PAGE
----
This essay, 1070th in the series, appeared in the column “English Plain and Simple” by Jose A. Carillo in the Campus Section of the December 14, 2017 issue (print edition only) of The Manila Times, © 2017 by the Manila Times Publishing Corp. All rights reserved.

(Next: The seven uses of noun clauses - 2)        December 21, 2017

 6 
 on: December 13, 2017, 08:08:56 AM 
Started by Joe Carillo - Last post by Gerry T. Galacio
        IMAGE SOURCE: TYLERVIGEN.COM*


A. The modern English sentence is short, averaging below 20 words per sentence.

(1) From "The Principles of readability" by William DuBay:

In 1880, a professor of English Literature at the University of Nebraska, Lucius Adelno Sherman, began to teach literature from a historical and statistical point of view.

He compared the older prose writers with more popular modern writers such as Macaulay (The History of England) and Ralph Waldo Emerson. He noticed a progressive shortening of sentences over time.

He decided to look at this statistically and began by counting average sentence length per 100 periods. In his book (1893), Analytics of Literature, A Manual for the Objective Study of English Prose and Poetry, he showed how sentence length averages shortened over time:

Pre-Elizabethan times: 50 words per sentence
Elizabethan times: 45 words per sentence
Victorian times: 29 words per sentence
Sherman’s time: 23 words per sentence.

In our time, the average is down to 20 words per sentence.

(2) Ellegard Norm: The modern English sentence has an average of 17.6 words per sentence. (From 1978 study by Swedish researcher Alvar Ellegard of 1 million words corpus of 20th century American English writing called the Brown Corpus collected by Brown University in 1964)

(3) "What is Happening to Written English?" at http://harrisonrichard.com/article1.html

Essentially, the sentence has become shorter – quite dramatically. In a study by Brock Haussamen (1994) using text from a variety of sources, the average sentence length was shown to have reduced from 40-70 in the period 1600-1700 to the low 20s in the 1990s.

Year 1600 - 1700: Sentence length 40 - 70 words
Year 1800 - 1900: Sentence length 30 - 40 words
Year 1990s: Sentence length 20s

B. Recommended average number of words per sentence in legal documents:

15 words (Federal Register Document Drafting Handbook, October 1998)
Between 15 and 18 (“Plain English: Eschew Legalese” by Judge Gerald Lebovits, New York State Bar Association Journal, November/December 2008)
18 words (“Appellate Practice—Including Legal Writing From A Judge’s Perspective”, by Judge Mark P. Painter)
20 words or fewer (US Federal Aviation Administration “Writing Standards,
20 words (“Legal Writing in Plain English” by Bryan A. Garner)
20 words (“How to write clearly” from European Commission)
20 to 25 words (“How to create clear announcements” Project on the Use of Plain Language, by Hong Kong Securities and Futures Commission”)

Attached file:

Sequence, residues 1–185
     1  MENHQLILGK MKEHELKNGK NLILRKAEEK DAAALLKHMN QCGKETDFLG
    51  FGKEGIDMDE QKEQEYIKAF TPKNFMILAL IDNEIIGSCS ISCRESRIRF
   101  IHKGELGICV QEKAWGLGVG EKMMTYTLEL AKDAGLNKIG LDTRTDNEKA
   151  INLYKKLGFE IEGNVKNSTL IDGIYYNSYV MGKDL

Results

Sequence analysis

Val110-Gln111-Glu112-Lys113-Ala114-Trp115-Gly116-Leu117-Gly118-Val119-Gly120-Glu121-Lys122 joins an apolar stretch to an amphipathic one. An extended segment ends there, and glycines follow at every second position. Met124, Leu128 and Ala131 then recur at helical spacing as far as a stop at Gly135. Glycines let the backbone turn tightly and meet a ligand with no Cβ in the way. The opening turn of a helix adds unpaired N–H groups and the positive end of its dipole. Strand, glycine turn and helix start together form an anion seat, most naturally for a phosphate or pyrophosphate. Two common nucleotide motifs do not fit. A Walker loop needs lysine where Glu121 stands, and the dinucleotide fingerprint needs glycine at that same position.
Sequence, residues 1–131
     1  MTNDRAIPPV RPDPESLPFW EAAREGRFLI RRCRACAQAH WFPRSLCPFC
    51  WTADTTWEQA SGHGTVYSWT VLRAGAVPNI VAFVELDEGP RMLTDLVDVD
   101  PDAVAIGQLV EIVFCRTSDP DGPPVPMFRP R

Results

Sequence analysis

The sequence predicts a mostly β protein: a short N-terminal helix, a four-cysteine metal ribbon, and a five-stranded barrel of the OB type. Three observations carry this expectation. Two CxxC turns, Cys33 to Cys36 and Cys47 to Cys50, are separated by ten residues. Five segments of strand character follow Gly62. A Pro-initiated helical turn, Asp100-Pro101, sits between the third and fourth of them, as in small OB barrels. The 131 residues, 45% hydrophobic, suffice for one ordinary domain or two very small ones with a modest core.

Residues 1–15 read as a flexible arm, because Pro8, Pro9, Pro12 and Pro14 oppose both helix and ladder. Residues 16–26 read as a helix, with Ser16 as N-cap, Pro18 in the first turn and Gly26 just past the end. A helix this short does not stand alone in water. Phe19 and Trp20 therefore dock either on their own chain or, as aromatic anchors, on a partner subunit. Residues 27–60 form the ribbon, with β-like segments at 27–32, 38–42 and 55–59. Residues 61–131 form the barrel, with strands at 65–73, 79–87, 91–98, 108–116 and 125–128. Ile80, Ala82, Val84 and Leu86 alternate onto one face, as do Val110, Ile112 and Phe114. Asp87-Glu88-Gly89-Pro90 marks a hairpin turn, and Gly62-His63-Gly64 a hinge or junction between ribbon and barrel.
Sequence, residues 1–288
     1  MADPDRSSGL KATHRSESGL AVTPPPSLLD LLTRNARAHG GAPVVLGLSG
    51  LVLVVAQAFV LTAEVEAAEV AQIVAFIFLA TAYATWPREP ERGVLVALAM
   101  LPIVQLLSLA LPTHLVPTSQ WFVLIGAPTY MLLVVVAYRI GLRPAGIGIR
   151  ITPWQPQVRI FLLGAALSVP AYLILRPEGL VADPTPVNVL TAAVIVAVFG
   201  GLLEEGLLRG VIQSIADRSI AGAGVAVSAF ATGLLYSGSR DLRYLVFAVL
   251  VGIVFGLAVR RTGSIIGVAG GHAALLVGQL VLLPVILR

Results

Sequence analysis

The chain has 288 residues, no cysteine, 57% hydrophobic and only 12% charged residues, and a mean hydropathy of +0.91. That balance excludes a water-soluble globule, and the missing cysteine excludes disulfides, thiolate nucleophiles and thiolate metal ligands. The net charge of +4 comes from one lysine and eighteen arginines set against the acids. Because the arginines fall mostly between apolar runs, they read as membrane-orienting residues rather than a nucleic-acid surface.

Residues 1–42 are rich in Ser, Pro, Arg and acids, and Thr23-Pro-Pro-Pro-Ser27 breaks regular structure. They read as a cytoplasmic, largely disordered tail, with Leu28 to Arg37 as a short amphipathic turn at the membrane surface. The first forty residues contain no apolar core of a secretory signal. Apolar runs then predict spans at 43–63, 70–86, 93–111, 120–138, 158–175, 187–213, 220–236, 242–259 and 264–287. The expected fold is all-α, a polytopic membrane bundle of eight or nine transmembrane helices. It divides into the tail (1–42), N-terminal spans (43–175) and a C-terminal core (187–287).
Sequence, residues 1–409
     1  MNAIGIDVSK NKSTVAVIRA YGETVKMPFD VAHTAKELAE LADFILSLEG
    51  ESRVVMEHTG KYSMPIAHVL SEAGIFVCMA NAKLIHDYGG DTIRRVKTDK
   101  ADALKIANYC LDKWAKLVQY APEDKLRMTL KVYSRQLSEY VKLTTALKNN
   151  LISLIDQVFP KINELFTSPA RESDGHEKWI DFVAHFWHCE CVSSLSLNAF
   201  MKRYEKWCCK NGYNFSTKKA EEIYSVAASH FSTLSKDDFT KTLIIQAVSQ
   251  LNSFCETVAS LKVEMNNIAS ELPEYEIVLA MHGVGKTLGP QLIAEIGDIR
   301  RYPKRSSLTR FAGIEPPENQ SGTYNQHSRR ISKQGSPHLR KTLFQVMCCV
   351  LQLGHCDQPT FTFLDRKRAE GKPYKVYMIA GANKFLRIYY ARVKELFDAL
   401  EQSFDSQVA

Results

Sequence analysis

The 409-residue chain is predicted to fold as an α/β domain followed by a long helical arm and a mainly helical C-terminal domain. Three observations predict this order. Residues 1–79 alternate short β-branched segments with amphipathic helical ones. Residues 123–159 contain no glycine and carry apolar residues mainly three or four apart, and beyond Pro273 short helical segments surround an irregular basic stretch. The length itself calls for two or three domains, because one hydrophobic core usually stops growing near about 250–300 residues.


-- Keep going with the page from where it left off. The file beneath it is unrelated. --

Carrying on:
20 to 25 words (“Tips for Better Writing in Law Reviews and Other Journals” by Joseph Kimble, Michigan Bar Journal, October 2012)
22 words (“Just Writing: Grammar, Punctuation, and Style for the Legal Writer” by Anne Enquist and Laurel Currie Oates)
25 words (“Mightier Than the Sword: Powerful Writing in the Legal Profession” by C. Edward Good)

C. Comparison of average sentence length of several writers from http://www.lancaster.ac.uk/fass/projects/stylistics/topic6b/auth_style/8auth2.htm

Jane Austen: 42
John Steinbeck: 18.4
D. H. Lawrence: 13.5

D. From "Editing Tip: Sentence Length" at https://www.aje.com/en/arc/editing-tip-sentence-length/

" ... the average sentence length for Harry Potter author JK Rowling, who can be considered representative of a modern English writer with a general audience, is 12 words ..."

E. From " The long sentence: A disservice to science in the Internet age" at http://onlinelibrary.wiley.com/doi/10.1002/bies.201190063/pdf

If  we  want  the fullness  of  science  in  necessarily long papers to be appreciated, it must increasingly be written in short sentences.

F. From "Three ways to write like Warren Buffett" by Ian Harris at https://www.managementtoday.co.uk/three-ways-write-warren-buffett/article/1334430

But what’s interesting is if you study Warren Buffett’s writing over 50 years, there’s a correlation between success and simplicity. Basically, the richer he becomes the simpler his writing.

• From 1974 to 2013, the average words per sentence falls from 17.4 to 13.4.

• The age you’d need to be to understand his writing falls from 17 years old in 1974, to just 12 years old in 2013.

Despite all this evidence, I still meet people who are scared to make their writing simple. They say, ‘It's all very well for you, but I have to sound professional. We don't talk like that in my business.’
Usually all I do is tell them: if plain English is good enough for Warren Buffett, it’s good enough for you.

G. The longer the sentences, the less readers understand, according to research by the American Press Institute (API).

The research, based on studies of 410 newspapers, correlated the average number of words in a sentence with reader comprehension.

• When the average sentence length was fewer than eight words, readers understood 100 percent of the story.
    
• Even at nine to 14 words, readers could understand more than 90 percent of the information.
    
• But move up to 43-word sentences, and comprehension dropped to less than 10 percent.

Source: https://freewritingtips.wyliecomm.com/2009/11/november-2009/

H. Contrary view by Joseph Williams (author of "Towards Clarity and Grace") and George Gopen (Professor Emeritus of the Practice of Rhetoric at Duke University): It's not the length of a sentence that makes it difficult to understand but its structure.